Location: Soil and Water Management ResearchTitle: Modeling cotton growth and yield response to irrigation practices for thermally limited growing seasons in Kansas
|Baumhardt, Roland - Louis|
|HAAG, LUCAS - Kansas State University|
|LAMM, FREDDIE - Kansas State University|
Submitted to: Transactions of the ASABE
Publication Type: Peer Reviewed Journal
Publication Acceptance Date: 10/17/2020
Publication Date: 1/1/2021
Citation: Baumhardt, R.L., Haag, L., Gowda, P.H., Schwartz, R.C., Marek, G.W., Lamm, F.R. 2021. Modeling cotton growth and yield response to irrigation practices for thermally limited growing seasons in Kansas. Transactions of the ASABE. 64(1):1-12. https://doi.org/10.13031/trans.13877.
Interpretive Summary: Previous withdrawal for irrigation has decreased the water availability from the Ogallala Aquifer in Western Kansas. To sustain future irrigation, new regional cropping practices that use less water will need to be developed and implemented. Scientists from ARS in Bushland Texas and Kansas State University investigated deficit irrigation of cotton in western Kansas. Simulated cotton yields of various planting dates, and irrigation rates and times were compared at Colby (farthest north), Tribune, and Garden City (farthest south), Kansas. These results suggested that cotton was not well suited as a crop for Western Kansas north of Garden City.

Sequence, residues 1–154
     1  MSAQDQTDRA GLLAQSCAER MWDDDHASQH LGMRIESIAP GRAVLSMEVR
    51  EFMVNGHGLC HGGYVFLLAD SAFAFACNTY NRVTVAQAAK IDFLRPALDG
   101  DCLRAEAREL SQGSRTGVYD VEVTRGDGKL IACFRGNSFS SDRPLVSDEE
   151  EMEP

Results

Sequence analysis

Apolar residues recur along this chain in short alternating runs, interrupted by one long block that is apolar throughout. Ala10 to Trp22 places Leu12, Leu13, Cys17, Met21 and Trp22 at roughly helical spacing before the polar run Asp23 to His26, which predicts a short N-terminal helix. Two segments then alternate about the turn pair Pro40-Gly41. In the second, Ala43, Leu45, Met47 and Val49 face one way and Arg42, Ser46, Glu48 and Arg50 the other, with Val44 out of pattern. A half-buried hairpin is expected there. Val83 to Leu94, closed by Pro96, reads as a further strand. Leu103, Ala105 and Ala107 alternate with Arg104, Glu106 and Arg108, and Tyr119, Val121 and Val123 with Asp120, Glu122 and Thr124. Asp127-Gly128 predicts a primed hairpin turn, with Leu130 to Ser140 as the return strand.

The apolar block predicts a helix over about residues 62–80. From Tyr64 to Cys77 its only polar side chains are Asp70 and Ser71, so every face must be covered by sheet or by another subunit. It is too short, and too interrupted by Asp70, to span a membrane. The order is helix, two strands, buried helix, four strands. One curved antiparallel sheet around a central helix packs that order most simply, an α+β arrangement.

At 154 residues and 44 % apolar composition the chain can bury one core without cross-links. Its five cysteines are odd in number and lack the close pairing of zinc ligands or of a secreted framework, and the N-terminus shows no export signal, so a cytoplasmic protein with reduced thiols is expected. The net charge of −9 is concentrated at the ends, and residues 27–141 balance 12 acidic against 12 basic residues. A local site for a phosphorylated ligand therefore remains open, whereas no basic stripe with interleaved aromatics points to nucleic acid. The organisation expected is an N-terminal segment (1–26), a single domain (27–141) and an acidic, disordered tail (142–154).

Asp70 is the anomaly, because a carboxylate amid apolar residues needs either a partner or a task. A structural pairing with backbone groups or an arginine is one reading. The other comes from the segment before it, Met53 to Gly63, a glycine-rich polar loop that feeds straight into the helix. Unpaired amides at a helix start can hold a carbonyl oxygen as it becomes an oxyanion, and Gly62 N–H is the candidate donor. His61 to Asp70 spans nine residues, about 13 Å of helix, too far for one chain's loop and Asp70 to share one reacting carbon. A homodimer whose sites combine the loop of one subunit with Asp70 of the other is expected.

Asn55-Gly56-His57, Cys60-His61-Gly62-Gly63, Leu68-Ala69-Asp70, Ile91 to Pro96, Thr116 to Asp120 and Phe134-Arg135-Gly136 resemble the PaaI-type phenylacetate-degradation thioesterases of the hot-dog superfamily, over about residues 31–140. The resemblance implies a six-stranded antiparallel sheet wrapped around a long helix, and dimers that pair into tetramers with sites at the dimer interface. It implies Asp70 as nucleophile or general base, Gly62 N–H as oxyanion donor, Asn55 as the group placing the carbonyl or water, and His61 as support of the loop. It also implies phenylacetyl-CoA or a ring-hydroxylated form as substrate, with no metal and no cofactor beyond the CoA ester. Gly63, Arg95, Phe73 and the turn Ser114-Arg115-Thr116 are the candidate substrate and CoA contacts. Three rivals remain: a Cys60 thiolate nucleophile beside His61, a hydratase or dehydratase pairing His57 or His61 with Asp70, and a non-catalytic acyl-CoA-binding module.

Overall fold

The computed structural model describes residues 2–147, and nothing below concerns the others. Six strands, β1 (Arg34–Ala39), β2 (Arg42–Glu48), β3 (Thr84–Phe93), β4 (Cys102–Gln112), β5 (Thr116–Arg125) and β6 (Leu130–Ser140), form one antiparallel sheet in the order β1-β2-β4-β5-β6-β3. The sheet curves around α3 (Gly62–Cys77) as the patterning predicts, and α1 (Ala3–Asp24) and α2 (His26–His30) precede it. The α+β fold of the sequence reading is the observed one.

Technical Abstract: The western Great Plains precipitation averages about 450 mm, varying little with latitude and providing from 40-80% of crop evapotranspiration (ETc). Supplemental irrigation is required to fully meet crop water-demand but pumping water from the non-recharging Ogallala or High Plains Aquifer south of Nebraska draws down water tables, leading to reduced pumping and deficit irrigation or production of an alternate drought tolerant crop like cotton [Gossypium hirsutum (L.)]. Our objective was to compare simulated cotton yield response to emergence date, irrigation capacity, and application period using a validated model at three western Kansas locations (Colby, Tribune, Garden City) with varying seasonal energy and then compare split center pivot deficit irrigation strategies with a fixed water supply (i.e., where portions of the center pivot land area are managed with different irrigation strategies). We used actual 1961-2000 location weather records with the GOSSYM simulation model to estimate yields of cotton planted into soil at a 50 % initial soil plant available water for progressively later emergence dates (DOY 145, 152, and 159) and all combinations of irrigation periods (0, 4, 6, 8, and 10 weeks beginning at first square) and capacity (2.5, 3.75,and 5.0 mm/d). Simulated lint yield and its ratio to ETc or the water use efficiency, WUE, consistently decreased with delayed plantings (emergence) and as location elevation or US latitude increased due to effects on growing season thermal energy. Depending on location, simulated cotton lint yield consistently increased (P=0.05) for scenarios with increasing irrigation capacity that promoted greater early season boll load but not for durations exceeding 4 to 6 weeks probably because later irrigation and fruiting did not complete maturation during the “short” growing season. Cotton WUE generally increased with greater yields resulting from earlier emergence and early high capacity irrigation. We calculated lower WUE where irrigation promoted more vigorous growth with added fruiting forms that delayed maturation and reduced the fraction of open bolls. The irrigation strategy of focusing water at higher capacities on a portion of the center pivot in combination with the dryland balance did not increase net yields significantly at any location since the available seasonal energy limited potential crop growth and yield response to irrigation. The overall net lint yield for focused irrigation strategies at the southwest Kansas location (Garden City) was, however, numerically larger. Based on uniform or split center pivot deficit irrigated lint yields, we conclude that cotton is poorly suited as an alternative crop for western Kansas except possibly around Garden City because of limited growing season thermal energy.